Pethidine was the most commonly prescribed drug, prescribed to 184/275 patients (66.9%). It was given on a regular schedule in 151/184 patients (82.1%) and on request from the patient in 33 cases (17.9%). Pethidine was always given intramuscularly (Table 3). Another commonly prescribed drug was paracetamol, which was given to 117/275 patients (42.5%). This medication was given systematically in 93/117 patients (80.3%), through the oral, intravenous and rectal routes in 100, 15 and 2 patients respectively (Table 3). Other medications prescribed their daily doses and route of administration, and whether given systematically or on-demand, are shown on Table 3.

The survey also showed that 149/275 patients (54.2%) had at least 1 analgesic-related side-effect. Of those nausea and vomiting together ranked first; occurring in 76/149 patients (51.0%). Other analgesia related side-effects are shown in Table 4.

Discussion

As Harmer and Davies demonstrated, the first step in improving acute postoperative pain management is to know the current practice at the institution [12]. This was therefore the aim of the audit conducted here. We found that with the current standard of postoperative care in our hospital, 72.0% of all patients surveyed experienced moderate to severe postoperative pain at rest. These results were very concerning. Similar international surveys suggested that throughout the world postoperative pain continues to be undermanaged. Jeffery et al. assessed patients’ postoperative pain experience and the status of acute pain management, and found that approximately 80% of the patients experienced acute postoperative pain, of who 86% had moderate to severe pain [13]. Tsui et al.’s earlier study on 1443 surgical patients showed that 75%–100% of these patients experienced moderate to severe pain, and the authors concluded that pain control was far from ideal [14]. After the implementation of the Pain-Free Hospital Project in Germany in 2003, a study on the quality of pain management in 25 German hospitals between 2004–06 showed that about 30% of patients who had undergone surgery had moderate to severe pain at rest and 55% of them experienced pain on movement [15]. It is the responsibility of those health care providers or physicians who are involved in acute pain management to identify patients in pain and initiate simple but effective protocols for different patients, with different presentations and levels of pain tolerance. These protocols were found to be effective in different studies [5,6,12,16].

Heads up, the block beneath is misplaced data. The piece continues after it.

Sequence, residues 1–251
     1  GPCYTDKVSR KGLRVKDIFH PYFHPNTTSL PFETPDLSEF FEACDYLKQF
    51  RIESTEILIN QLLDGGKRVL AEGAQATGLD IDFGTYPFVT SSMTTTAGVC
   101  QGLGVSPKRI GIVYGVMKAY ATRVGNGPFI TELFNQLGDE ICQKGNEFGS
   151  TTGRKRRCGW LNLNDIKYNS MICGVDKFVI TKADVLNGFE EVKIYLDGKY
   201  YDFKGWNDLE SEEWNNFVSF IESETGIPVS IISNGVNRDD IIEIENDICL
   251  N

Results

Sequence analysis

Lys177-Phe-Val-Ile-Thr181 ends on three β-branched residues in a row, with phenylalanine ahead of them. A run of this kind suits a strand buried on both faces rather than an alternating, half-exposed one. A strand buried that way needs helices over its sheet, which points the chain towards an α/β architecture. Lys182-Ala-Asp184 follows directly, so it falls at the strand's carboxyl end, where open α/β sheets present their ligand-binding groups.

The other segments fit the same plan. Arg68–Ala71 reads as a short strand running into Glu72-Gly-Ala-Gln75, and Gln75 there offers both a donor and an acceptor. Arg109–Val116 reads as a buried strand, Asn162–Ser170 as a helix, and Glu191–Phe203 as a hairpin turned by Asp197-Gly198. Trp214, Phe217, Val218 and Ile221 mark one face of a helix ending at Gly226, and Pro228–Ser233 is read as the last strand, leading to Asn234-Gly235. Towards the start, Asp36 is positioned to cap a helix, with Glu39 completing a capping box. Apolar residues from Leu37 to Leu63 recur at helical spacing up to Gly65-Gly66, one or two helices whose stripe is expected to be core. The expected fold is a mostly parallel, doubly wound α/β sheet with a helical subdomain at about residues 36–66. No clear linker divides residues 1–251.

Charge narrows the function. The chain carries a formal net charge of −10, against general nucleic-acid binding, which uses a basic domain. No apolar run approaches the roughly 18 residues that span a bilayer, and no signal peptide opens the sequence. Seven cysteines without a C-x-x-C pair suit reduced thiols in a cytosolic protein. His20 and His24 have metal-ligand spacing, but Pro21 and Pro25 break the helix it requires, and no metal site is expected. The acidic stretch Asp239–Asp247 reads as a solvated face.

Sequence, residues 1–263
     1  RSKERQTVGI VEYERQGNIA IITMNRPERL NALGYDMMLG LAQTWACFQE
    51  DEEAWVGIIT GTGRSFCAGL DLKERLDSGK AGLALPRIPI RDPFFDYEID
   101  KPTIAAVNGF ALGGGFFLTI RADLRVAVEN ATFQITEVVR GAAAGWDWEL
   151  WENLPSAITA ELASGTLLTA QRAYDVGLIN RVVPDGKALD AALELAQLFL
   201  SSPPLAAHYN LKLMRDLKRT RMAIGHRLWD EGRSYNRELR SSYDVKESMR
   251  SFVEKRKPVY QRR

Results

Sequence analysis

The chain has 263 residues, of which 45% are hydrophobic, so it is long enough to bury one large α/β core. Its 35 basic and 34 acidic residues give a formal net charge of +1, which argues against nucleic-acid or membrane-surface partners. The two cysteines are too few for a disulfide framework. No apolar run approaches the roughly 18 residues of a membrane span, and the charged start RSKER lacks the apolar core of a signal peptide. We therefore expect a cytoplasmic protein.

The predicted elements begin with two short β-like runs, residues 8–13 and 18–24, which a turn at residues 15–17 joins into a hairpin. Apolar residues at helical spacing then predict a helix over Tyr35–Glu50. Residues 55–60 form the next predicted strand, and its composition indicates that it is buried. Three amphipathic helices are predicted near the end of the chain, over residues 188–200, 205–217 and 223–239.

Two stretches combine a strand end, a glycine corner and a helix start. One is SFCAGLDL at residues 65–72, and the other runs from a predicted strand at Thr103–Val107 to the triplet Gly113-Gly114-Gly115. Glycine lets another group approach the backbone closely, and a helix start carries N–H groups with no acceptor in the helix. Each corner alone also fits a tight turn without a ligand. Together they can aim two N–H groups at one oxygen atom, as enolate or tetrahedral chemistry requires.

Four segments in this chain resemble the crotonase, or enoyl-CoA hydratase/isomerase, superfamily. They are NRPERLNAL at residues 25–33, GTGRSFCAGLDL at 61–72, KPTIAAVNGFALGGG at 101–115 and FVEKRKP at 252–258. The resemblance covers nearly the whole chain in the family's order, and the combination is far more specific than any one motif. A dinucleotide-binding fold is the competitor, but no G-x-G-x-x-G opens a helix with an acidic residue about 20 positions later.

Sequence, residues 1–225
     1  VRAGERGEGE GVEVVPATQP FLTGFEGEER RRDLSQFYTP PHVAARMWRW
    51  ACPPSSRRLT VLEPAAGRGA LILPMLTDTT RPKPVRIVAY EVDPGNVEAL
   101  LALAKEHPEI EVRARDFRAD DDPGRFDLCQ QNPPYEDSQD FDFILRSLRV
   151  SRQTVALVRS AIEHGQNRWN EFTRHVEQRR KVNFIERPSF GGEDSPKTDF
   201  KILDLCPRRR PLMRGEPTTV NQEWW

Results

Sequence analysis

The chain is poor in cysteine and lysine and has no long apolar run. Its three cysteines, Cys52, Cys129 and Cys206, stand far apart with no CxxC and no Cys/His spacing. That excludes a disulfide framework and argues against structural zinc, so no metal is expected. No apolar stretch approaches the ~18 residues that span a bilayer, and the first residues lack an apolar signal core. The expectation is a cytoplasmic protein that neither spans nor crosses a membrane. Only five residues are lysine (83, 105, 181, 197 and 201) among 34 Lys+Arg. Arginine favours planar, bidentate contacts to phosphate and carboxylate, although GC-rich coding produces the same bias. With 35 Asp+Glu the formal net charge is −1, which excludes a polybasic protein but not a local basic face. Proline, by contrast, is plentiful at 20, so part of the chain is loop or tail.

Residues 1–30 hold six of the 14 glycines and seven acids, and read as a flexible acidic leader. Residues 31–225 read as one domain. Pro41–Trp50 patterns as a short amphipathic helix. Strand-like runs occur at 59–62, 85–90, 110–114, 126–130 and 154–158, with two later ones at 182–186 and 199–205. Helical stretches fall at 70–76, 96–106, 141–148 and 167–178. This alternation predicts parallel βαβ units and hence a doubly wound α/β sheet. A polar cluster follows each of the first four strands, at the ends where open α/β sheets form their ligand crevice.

Our results also showed that pain was managed suboptimally with a limited variety of pain medications; that is, a single medication was used in about half of cases (51.5%). Pethidine was still used in most of our patients (66.9%), despite its known side-effects, especially nausea and vomiting [17]. This was evident in our survey results showing that 54.2% of our patients suffered from side-effects of nausea, vomiting or, more commonly, both. A combination of various analgesic agents and or delivery techniques with different mechanisms of action that enhance analgesia and reduce the side-effect of each drug or technique is needed: the so-called multimodal analgesia [18].

Some of the drawbacks of our survey were that we did not compare the pain control differences between different surgical specialties, and we did not study the patients’ trend of pain over time. However, the primary goal of the study was to assess the status of acute postoperative pain control in the 4 specialties studied, and to assess whether any of the surveyed patients had any attack of severe, moderate or mild pain. Another limitation was that the pain evaluators used different pain scales for different patients and these scales may vary in sensitivity.

In conclusion, severe postoperative pain was common among Jordan University Hospital patients. The pain treatment polices at the hospital are clearly inadequate, as we are still depending on traditional, less effective methods for postoperative pain control. The data showed an urgent need to reassess our policies in postoperative pain management, our treatment options and the medication regimens.

Competing interests: None declared.